Emerging Powers in the World Trading System: Contestation of the Developing Country Status and the Reproduction of Inequalities

Clara Weinhardt*

*Corresponding author for this work

Research output: Contribution to journalArticleAcademicpeer-review


This article investigates discursive struggles over the boundaries of the categorisation of developing countries in the world trade
regime. A key principle of the World Trade Organization (WTO)
grants special rights to the group of developing countries.
Recently, it has become highly contested whether emerging
economies such as China can legitimately claim to belong to the
group of developing countries. This article uncovers how old and
new economic powers have tried to strategically (re)frame the
boundaries of the developing country categorisation in the WTO. I
argue that ongoing contestation reproduces inequalities because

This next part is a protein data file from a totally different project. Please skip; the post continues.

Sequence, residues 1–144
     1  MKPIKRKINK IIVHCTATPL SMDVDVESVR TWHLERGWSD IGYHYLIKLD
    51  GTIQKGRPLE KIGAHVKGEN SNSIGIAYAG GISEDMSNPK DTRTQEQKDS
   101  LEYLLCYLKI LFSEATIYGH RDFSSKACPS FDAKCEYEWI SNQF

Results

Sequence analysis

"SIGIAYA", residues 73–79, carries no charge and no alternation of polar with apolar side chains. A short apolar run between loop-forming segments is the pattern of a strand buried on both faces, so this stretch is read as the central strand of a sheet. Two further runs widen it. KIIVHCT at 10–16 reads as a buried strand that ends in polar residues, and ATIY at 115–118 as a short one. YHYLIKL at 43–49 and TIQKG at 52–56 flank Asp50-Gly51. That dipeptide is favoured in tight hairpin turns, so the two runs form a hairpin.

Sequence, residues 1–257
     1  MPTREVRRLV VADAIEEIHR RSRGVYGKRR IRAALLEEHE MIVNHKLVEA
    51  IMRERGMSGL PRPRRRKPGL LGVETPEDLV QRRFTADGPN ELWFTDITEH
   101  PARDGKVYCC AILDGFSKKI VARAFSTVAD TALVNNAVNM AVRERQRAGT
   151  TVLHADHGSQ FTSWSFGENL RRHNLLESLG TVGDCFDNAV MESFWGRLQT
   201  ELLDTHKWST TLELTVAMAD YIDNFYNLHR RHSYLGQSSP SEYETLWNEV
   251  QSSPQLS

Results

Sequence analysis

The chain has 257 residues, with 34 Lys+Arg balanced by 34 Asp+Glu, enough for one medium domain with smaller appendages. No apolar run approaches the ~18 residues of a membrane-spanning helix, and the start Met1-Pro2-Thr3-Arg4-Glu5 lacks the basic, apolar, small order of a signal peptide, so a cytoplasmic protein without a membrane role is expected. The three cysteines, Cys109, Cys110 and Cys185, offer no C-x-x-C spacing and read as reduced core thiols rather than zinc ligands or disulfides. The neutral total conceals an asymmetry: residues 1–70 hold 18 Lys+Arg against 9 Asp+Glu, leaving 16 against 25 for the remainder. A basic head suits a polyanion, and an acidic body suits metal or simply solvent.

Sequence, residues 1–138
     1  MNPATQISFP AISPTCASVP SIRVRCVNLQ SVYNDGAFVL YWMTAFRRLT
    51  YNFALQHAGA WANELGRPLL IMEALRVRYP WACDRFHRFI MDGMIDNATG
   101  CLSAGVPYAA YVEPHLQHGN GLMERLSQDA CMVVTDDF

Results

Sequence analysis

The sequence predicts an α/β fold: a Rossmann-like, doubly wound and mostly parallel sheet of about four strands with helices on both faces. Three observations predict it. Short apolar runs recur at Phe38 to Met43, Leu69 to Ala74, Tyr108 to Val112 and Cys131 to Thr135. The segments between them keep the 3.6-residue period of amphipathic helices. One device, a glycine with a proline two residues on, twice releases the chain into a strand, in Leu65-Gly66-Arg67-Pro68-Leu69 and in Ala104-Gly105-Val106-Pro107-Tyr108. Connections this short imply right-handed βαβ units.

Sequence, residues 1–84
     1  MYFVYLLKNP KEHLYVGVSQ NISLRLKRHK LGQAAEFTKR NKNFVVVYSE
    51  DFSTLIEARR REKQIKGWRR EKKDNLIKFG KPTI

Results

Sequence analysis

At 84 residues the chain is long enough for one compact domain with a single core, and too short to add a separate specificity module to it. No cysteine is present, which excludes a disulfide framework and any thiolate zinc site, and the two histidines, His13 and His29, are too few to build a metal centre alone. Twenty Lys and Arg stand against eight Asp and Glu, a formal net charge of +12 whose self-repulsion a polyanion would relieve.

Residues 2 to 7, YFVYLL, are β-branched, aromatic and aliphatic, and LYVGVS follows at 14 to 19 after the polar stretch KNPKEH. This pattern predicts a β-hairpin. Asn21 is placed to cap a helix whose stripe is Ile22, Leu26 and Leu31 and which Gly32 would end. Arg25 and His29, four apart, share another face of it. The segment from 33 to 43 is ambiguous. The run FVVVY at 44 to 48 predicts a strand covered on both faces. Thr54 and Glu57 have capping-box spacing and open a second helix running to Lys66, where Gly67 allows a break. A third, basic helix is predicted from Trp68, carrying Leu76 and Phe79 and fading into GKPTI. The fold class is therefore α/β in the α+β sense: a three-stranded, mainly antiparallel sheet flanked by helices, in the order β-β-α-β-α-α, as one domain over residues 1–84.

many developing countries are unwittingly negatively affected by
the lack of formal criteria for classifying emerging economies—
even if emerging economies themselves may benefit. In doing so,
I illustrate how informal practices of classification may undermine
the original intention of categorisation in International Organizations that aims to address inequality among its members.
Original languageEnglish
Pages (from-to)388-408
Number of pages21
JournalGlobal Society
Issue number3
Early online dateMar 2020
Publication statusPublished - 2 Jul 2020


  • Emerging powers
  • WTO
  • constructivism
  • inequality
  • trade

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